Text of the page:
Shelly Manne achieved many tonal colors in drumming by using sticks, brushes, mallets, his hands... whatever it took to get the sound he wanted.
Michael Ochs Archives
One the greatest drummers in jazz history, Shelly Manne, was born in New York City on June 11, 1920. Coming from a family of drummers, Manne began working New York's 52nd Street jazz scene in his late teens. When bebop arrived in the 1940s, Manne was there, playing with everyone from Dizzy Gillespie and Charlie Parker to Lennie Tristano and Lee Konitz. His introduction to a national jazz audience came shortly after WWII, when he began drumming for two of the finest big bands of the era, going back and forth between bands led by Stan Kenton and Woody Herman.
As you can infer from breadth of artists with whom he performed, Manne not only had talent, but was also eager to apply that talent to all forms of jazz, from hard-driving, highly improvisational bebop combos to the more tonally experimental orchestral jazz typified by Kenton. With all that experience under his belt, Manne was ready for more when he and his wife decided to leave the New York scene for Los Angeles in 1952. And it was there that Shelly Manne really came into his own, as a pioneer and lynchpin of the West Coast "cool jazz" sound.
Even early in his career, Manne was noted for his musicality and the tonal colors he achieved in his drumming by using sticks, brushes, mallets, his hands... whatever it took to get the sound he wanted. There's no doubt that his early work with The Stan Kenton Orchestra helped set him on this path. In this recording from 1946, we hear a very lyrical Manne sharing the solo spotlight with trombonist Kai Winding.
When Manne was in the Woody Herman Big Band in the late 1940s, one of Herman's signature pieces was the Jimmy Giuffre composition "Four Brothers." It was originally written as a showpiece for Herman's great sax section (Stan Getz, Serge Chaloff, Herbie Steward and Zoot Sims), but several years after Herman recorded the song, Giuffre decided to record it himself with some of his West Coast musical associates. Along with Shelly on this 1954 recording, the band includes Bud Shank (alto sax), Shorty Rogers (flugelhorn), Jack Shelton (trumpet), Bob Enevoldsen (valve trombone), Ralph Pena (bass) and Giuffre on sax.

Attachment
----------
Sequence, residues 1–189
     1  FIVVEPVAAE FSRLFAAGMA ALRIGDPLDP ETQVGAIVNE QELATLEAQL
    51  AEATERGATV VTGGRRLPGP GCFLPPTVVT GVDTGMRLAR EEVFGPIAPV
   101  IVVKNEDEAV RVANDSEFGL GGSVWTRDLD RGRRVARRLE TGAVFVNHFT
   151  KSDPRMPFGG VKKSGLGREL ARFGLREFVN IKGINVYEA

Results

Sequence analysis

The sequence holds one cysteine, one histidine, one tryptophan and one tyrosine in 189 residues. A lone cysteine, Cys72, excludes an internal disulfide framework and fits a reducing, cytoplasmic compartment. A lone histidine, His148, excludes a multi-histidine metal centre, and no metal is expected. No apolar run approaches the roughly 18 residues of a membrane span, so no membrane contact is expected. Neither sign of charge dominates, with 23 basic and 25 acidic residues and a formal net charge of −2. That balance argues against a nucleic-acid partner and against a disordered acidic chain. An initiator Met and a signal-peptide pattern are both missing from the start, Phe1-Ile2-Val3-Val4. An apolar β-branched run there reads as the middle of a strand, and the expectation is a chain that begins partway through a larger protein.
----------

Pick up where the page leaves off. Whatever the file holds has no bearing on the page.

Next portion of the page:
In 1956, guitarist Barney Kessel, bassist Ray Brown and Shelly Manne each won the readers' poll in Down Beat, Metronome and Playboy magazines as Best Guitarist, Best Bassist and Best Drummer, respectively. Based upon that mutual trifecta, they formed a trio called The Poll Winners and recorded four albums between 1957 and 1960 (with a later reunion recording in 1975). This version of Bobby Timmons' composition, "This Here," was recorded in 1960 and features Manne's wonderful technique with brushes, as well as fine solos from Kessel and Brown.
Shelly Manne and His Men recorded a number of albums between 1955 and 1960. Not unlike Howard Rumsey's Lighthouse Allstars, the personnel of Manne's band was ever-changing, but it always featured the cream of the crop of West Coast jazz musicians. The 1956 incarnation of the group on this recording consists of Manne with Charlie Mariano on saxophone, Stu Williamson on trumpet, Leroy Vinnegar on bass and Russ Freeman on piano. After letting all his bandmates solo, Manne steals the show with his inventive and melodic drum solo.
One of the last bands in which Shelly Manne performed regularly was also one of the best. It was The L.A. Four, featuring Shelly and three longtime colleagues: Brazilian guitarist Laurindo Almeida, who had worked with Manne in the Kenton Band in the 1940s; bassist Ray Brown, who was a member of The Poll Winners (above); and jazz flute pioneer Bud Shank, whose association with Manne also went back to The Kenton Orchestra. The sound of The L.A Four was a fusion of jazz, classical and various forms of Latin music, primarily Brazilian. In The L.A. Four's version of Sonny Rollins' composition "St. Thomas," recorded in 1975, we'll hear that fusion (although, in this case, the Latin component is somewhat more Caribbean). Also, as we hope you've now come to expect, Manne weighs in with another terrific solo.